Homily from the Solemnity of St Mary of the Cross MacKillop
8 August 2020
Many countries, particularly in Europe, boast a handful of canonised saints. Some even have a string of them. We Australians have only one. Today we celebrate her feast day. Mary MacKillop is now known universally in the Catholic Church as St Mary of the Cross MacKillop.
Perhaps it’s the Australian sense of egalitarianism with a dash of anti-authoritarianism. Perhaps even a pinch of the larrikin. But our proud Australian boast is that our canonised saint, unlike most others, was excommunicated for a time.
The Bishop of Adelaide excommunicated her on 22 September 1871. The bishop was incensed because he wanted to amend the Rule of the newly established Sisters of St Joseph. He wanted “each convent to be entirely under the control of the local Pastor, with no central authority of the Institute”. And of course, the local Pastors would be under the control of the bishop. So it was about power.
Mary asked to meet with the bishop. He would not hear of it. He sent a priest with the order that she leave town. A few hours later, the priestly messenger “returned to say that the Bishop excommunicated me for my disobedience and for being the ringleader of such”.
Four days later, Mary wrote to her guide and co-founder Fr Julian Tenison Woods reporting all that had happened. She reflected:
“Don’t you see the protecting and beautiful hand of God in all that is happening? Oh never was I more tranquil and calm, and our loved Sisters the same.… We are all waiting, ready to go anywhere, under any circumstances, provided our Rule is not taken from us”.
The bishop, surrounded by a bevy of clergy who had it in for the Sisters, remained resolute until his health failed and he was on his deathbed. So after five months of ex-communication, during which time the Jesuits brought her communion (I am happy to say), Mary was allowed back in to the life and service of the local church. Mary wrote to her mother saying, “The poor bishop is indeed sorry for all now.” She was all-forgiving. She explained the situation to her mother:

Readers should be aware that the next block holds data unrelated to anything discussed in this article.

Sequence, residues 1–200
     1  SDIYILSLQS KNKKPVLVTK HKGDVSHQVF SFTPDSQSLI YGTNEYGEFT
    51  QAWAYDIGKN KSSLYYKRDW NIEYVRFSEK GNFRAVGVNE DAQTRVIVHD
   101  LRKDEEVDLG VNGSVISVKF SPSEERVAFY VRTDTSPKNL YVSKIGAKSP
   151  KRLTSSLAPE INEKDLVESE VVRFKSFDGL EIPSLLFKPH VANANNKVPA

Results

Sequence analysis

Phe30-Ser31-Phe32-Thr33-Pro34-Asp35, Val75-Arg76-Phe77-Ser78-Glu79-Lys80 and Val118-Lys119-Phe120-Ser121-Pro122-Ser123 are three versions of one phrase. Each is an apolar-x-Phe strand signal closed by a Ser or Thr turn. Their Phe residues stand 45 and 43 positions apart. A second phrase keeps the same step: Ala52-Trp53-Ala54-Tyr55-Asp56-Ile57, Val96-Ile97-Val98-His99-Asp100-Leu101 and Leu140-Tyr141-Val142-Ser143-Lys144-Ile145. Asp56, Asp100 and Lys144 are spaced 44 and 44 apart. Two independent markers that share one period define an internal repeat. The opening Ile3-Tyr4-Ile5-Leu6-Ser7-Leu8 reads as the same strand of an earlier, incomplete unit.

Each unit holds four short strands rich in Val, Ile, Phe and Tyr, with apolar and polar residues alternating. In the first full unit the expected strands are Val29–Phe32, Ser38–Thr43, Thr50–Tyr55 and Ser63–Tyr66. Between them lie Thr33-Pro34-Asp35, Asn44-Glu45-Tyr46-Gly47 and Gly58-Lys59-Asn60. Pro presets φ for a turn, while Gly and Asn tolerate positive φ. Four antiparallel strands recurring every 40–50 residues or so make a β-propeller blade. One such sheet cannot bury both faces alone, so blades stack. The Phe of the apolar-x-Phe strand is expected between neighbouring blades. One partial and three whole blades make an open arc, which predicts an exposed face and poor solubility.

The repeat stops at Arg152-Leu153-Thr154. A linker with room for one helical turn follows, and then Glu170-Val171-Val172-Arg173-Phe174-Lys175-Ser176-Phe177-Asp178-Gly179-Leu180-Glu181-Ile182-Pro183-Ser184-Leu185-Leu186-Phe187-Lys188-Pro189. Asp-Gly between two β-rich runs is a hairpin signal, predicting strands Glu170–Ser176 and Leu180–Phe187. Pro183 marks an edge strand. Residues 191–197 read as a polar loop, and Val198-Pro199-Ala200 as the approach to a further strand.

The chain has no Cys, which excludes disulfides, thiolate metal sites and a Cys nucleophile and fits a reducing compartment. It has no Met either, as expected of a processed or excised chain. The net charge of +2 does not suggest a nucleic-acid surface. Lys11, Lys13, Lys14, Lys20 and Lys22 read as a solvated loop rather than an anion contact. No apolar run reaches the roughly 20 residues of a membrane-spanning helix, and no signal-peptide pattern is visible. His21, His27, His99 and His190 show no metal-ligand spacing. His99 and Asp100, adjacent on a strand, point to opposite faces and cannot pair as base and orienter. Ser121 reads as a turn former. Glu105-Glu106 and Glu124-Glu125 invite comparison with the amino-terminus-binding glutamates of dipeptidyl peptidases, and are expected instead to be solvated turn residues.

“Thanks be to God, the poor Bishop had true priests near at a time when he much needed them. Up to that time others were near. We will not speak of them, but it would be a charity to pray for some at least amongst them. I am thankful to say that there are very few of whom I have to speak in this way. The Bishop has acknowledged the injustice of his conduct to all, for priests, as well as Sisters, have been wronged, but God wisely permitted it for a hidden mysterious end.”
One of the graces of Mary’s life was her capacity to make good out of evil and to learn from others’ mistakes. She told her mother: “I feel that the events of the last few months have made me much older in many things. They have strengthened me for still weightier cares than I have yet had. At least I trust in God’s mercy and love that they have done me this good, which indeed I needed.”
If only we who are both weighed down with COVID-19 and a mounting economic recession as well as being troubled by issues of vision, governance and transparency in our Church in the wake of the Royal Commission were able to be so truthful, charitable, and open to new possibilities. May our truly Aussie saint continue to inspire us and energise us for mission, with renewed hope in our Church and our world. May our bishops be open to meeting with those most affected by their episcopal rulings. And may our bishops always be assisted and well counselled by ‘true priests’ and not those others who need our prayers.
Fr Frank Brennan SJ is the Rector of Newman College, Melbourne and the former CEO of Catholic Social Services Australia (CSSA).